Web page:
Travel Insurance: Compare and Be Prepared

    Travel Insurance: Compare and Be Prepared

    By S. Caseria

    Travel insurance can provide peace of mind as well as financial protection if your vacation or business trip is one of the 17 percent that’s impacted annually by medical conditions, severe weather, or mechanical or carrier-caused problems.1 But you have to do your homework and understand the details to know if the travel insurance you’re considering will offer the coverage your trip requires.

    The Basics of Travel Insurance

    Before diving into the types of travel insurance available, you should understand one basic principle: most insurance plans only cover prepaid, non-refundable expenses. Example: you’re on a cruise and decide spur of the moment to book an island excursion. If that excursion gets cancelled, you likely wouldn’t be covered since it was not pre-paid before you set sail.

    Megan Freedman, executive director of the US Travel Insurance Association, said in an interview: “The most common travel insurance is trip cancellation, which is actually a package – or comprehensive plan including three types of coverage: financial, medical and assistance.”

    • “Financial” helps protect against losing nonrefundable travel expenses such as airline tickets, cruises, and baggage loss. If your trip is delayed – by weather, for example – it can also help with unexpected travel expenses such as hotel and meals.
    • “Medical” helps reimburse emergency room and hospital costs, and provides medical evacuation if you’re seriously sick or injured during your trip. The cost of medical evacuation can easily soar past $50,000, depending on the location and conditions (more below on health insurance coverage).
    • “Assistance” connects policyholders with needed services, coordinates medical care, and finds emergency legal help, accommodations, and other important resources in case of emergency, from illness to a stolen passport.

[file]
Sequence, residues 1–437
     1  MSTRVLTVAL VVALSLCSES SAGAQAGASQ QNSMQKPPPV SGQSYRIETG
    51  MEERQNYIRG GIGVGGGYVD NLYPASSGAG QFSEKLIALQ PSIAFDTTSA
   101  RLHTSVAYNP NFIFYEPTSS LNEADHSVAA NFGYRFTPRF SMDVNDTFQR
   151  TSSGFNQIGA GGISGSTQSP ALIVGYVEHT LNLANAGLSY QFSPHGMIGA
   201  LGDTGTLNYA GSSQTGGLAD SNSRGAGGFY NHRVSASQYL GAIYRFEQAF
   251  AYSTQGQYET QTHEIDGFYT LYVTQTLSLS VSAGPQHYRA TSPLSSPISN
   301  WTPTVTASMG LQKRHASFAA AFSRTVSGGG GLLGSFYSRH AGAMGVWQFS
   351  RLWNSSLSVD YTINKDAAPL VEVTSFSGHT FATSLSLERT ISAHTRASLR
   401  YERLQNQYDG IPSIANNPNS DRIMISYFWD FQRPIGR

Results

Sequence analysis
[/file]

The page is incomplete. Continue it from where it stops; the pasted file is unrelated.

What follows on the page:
Some valid reasons to cancel a trip include:

    • A licensed physician deems you or a traveling companion unfit to travel due to unexpected illness or injury (pre-existing medical conditions may be an exclusion)
    • Hospitalization or death of a non-traveling family member
    • Weather or carrier related issues
    • Unforeseen natural disasters at home or the destination
    • Legal obligation, including jury duty or being called to appear as a witness

    But these are situations that are out of your control. What if you decide at the last minute you’d rather just stay home? That’s where a Cancel For Any Reason (CFAR) option comes into play. This type of travel insurance coverage is more expensive and comes with a few stipulations, all of which are plan-dependent:

    • May only be available for purchase within 10-30 days of initial trip payment
    • You’ll have to insure 100 percent of your pre-paid, non-refundable trip cost
    • You must cancel with the travel supplier 48 or 72 hours before departure date
    • You may only be covered for 50-75 percent of total costs

    The other question travelers may ask is, how much does this peace of mind cost? Again, it fluctuates per policy and itinerary, but Freedman says “to budget between 4 and 8 percent of the total trip cost for insurance.”

    Smooth Sailing or Rough Waters?

    Some trips have more inherent risk than others, for instance travel to a part of the world where terrorism is a likely possibility or a location prone to natural disaster. Trips to exotic destinations (24 percent) and cruises (21 percent) top the list of vacations for which Americans tend to purchase travel insurance.2